Texas Industries, Inc reported net income for the quarter ended November 30, 2007 of US$29.3m ($1.05 per share). For the same period ended November 30, 2006, net income equaled $28.7m ($1.09 per share). Last year’s quarter included $12.9m ($.47 per share) in after-tax income as a result of cash received from the settlement of the U.S. antidumping order on Mexican cement.
"After a year of exceptionally wet weather, product shipments in our Texas markets recovered nicely in the November quarter as weather returned to more normal patterns," stated Mel Brekhus, Chief Executive Officer. "The improved weather also provided the opportunity to show the progress made in improving operating margins for TXI’s aggregate and concrete operations."
In the November quarter, shipments of cement, aggregates and ready-mix concrete increased 6%, 8% and 7%, respectively compared to the prior year’s quarter. Average realized prices for cement declined about 2% due to a shift in the mix of cement products and markets. Aggregate and ready-mix concrete realized prices improved 8% and 7%.
The November quarter benefited from the absence of major scheduled maintenance at the North Texas cement plant while scheduled maintenance at the plant last year negatively impacted pretax earnings by approximately $10 million. In California, production quantities and efficiencies associated with old equipment lagged behind those of last year’s quarter, reducing pretax earnings by approximately $7 million.
Selling, general and administrative expenses declined $9.1 million compared to the prior year’s quarter. Stock-based compensation declined $5.3 million; the remaining decrease in selling, general and administrative expenses was primarily due to lower incentive compensation expense. Interest expense declined from $4.4 million in last year’s quarter to zero as all interest expense was capitalized in conjunction with cement plant modernization and expansion projects. Other income declined $21.4 million compared to a year ago. Last year’s quarter included $19.8 million of pretax income from the settlement of the long-standing U.S. antidumping order on Mexican cement. The remaining decline in other income was due to lower real estate and interest income.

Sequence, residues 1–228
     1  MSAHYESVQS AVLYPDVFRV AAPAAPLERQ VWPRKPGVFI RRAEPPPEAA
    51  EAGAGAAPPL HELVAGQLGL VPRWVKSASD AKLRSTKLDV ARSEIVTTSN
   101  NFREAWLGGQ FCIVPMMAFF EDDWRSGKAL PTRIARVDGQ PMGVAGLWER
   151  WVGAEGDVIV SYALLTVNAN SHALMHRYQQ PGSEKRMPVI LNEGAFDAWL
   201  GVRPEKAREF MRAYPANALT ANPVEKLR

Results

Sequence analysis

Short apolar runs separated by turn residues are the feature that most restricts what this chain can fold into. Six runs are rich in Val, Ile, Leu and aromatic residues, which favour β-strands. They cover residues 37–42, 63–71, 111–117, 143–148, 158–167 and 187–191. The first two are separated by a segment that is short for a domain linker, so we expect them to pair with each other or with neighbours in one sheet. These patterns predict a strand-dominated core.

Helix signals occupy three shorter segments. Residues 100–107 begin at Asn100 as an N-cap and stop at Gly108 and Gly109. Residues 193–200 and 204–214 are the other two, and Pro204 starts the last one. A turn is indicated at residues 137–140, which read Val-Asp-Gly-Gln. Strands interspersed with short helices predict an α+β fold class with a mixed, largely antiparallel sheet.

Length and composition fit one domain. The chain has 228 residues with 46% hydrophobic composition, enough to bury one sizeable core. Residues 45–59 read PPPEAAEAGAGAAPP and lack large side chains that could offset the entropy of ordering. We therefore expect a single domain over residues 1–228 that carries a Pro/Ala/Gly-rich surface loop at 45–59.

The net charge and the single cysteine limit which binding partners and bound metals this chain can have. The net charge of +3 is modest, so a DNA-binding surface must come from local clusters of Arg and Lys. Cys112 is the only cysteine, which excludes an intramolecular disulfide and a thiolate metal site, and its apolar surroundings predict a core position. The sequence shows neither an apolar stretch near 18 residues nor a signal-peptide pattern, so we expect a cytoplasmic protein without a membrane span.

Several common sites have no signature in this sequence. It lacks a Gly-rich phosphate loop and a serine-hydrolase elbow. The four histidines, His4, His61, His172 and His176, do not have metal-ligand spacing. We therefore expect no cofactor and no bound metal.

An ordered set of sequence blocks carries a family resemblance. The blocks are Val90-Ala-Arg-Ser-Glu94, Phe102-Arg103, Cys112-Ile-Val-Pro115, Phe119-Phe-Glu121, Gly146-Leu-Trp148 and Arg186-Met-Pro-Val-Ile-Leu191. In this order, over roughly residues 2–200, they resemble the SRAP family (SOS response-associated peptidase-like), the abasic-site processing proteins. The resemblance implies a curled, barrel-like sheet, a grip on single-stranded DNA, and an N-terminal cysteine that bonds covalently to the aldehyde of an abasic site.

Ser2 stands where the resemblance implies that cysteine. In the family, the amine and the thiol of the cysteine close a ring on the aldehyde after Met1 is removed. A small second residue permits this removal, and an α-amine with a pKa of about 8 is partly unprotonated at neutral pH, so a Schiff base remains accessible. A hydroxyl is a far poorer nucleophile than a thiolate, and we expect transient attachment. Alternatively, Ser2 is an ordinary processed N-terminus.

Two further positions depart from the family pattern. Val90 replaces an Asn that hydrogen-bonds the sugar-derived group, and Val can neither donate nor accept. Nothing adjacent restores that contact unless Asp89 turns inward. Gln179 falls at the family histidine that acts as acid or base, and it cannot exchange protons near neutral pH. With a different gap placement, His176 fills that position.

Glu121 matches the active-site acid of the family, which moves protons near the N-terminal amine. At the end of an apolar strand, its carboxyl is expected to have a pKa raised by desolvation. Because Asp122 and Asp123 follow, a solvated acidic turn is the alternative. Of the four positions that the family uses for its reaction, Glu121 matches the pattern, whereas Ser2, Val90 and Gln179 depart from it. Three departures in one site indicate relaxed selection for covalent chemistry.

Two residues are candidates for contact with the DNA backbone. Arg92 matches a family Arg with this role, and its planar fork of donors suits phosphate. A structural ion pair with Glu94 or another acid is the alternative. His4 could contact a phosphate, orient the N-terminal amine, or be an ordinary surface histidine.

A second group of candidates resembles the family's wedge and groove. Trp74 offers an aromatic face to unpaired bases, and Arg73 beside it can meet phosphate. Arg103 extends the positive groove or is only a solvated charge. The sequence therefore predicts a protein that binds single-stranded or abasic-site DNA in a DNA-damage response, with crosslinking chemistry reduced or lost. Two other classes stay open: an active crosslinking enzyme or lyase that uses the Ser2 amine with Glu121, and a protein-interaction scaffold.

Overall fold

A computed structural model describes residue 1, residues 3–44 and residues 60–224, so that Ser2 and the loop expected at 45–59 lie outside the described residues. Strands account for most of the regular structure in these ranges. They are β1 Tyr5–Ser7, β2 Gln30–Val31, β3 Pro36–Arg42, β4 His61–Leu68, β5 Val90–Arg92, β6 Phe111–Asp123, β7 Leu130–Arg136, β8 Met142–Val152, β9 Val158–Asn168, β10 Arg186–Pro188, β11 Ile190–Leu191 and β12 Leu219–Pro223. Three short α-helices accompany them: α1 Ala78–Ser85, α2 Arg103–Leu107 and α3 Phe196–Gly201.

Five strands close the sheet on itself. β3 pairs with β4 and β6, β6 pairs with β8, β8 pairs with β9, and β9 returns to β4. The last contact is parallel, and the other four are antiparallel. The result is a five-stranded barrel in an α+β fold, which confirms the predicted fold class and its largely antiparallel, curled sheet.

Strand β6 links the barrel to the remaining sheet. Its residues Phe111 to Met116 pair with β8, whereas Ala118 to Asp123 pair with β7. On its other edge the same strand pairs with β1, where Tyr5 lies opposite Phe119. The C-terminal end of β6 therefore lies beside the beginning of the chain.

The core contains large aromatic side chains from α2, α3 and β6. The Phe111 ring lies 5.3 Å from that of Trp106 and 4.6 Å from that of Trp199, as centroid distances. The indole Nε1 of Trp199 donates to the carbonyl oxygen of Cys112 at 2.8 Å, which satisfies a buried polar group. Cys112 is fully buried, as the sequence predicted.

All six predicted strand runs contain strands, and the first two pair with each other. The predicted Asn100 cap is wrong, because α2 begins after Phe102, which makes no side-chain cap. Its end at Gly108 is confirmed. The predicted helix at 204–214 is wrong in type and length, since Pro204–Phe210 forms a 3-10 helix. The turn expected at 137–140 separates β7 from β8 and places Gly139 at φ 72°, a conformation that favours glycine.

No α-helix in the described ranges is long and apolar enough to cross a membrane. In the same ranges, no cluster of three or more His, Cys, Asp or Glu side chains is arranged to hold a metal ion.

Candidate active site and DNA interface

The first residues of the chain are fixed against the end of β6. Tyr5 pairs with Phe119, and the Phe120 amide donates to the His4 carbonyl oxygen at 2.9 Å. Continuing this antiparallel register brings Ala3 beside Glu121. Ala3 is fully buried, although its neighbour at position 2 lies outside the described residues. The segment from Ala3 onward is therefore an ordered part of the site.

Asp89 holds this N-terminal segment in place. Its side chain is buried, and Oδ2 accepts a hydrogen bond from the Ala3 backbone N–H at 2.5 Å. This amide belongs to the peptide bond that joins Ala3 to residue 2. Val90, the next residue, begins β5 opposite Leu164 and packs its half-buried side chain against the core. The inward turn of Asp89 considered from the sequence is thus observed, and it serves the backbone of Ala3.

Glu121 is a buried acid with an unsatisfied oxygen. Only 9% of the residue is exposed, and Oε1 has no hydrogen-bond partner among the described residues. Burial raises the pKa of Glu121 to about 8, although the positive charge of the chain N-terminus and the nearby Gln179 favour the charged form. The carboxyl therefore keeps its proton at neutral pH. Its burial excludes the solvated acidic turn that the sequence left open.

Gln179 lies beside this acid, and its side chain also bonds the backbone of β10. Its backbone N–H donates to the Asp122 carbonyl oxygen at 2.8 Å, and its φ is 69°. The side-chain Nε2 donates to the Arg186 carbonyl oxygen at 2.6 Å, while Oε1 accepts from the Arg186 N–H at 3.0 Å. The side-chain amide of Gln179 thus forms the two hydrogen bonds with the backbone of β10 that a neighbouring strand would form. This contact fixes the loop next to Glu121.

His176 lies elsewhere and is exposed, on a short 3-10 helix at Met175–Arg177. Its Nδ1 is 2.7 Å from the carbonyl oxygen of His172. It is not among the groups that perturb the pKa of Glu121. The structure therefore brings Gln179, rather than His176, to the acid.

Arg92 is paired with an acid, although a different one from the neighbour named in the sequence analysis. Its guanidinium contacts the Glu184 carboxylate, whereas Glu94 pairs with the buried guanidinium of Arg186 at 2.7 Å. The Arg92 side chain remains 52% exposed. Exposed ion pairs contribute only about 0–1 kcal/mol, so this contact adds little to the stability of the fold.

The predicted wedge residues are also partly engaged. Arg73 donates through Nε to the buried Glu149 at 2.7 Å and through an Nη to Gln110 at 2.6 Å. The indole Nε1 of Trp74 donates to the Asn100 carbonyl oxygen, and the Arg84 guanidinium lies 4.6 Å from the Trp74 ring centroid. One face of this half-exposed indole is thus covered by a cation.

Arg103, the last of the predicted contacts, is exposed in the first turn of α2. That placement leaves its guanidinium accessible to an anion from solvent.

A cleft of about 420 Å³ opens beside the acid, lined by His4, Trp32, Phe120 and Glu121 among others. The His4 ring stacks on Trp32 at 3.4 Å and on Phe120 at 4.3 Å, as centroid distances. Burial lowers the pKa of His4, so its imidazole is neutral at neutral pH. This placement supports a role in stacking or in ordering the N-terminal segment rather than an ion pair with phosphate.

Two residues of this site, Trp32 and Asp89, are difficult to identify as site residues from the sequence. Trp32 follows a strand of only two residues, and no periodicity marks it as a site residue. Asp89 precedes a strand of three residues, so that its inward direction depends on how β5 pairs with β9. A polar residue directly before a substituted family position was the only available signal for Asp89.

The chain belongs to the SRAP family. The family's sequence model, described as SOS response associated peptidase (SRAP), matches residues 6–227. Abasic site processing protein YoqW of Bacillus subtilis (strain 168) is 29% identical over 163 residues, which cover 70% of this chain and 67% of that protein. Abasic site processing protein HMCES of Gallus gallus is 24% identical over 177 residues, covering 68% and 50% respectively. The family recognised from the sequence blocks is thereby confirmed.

Texas cement consumption has remained approximately even with that of a year ago, despite a decline in residential construction. The announced cement price increase for Texas of $10 per ton should be effective by April 2008. In California, reductions in cement demand have been offset by declining imports. Cement prices in California have remained fairly stable.
"The commissioning of TXI’s new cement capacity in California is proceeding slower than expected and we anticipate that the plant will be fully operational in June of 2008 instead of May as originally planned," continued Brekhus. "The California project will add one million tons of additional cement production and also replace 1.3 million tons of older, less efficient production equipment as well. This project, the new kiln line at TXI’s Central Texas plant and the incremental addition of production at our North Texas plant are expected to increase TXI’s total annual cement production from today’s 5 million tons to almost 8 million tons over the next three to four years."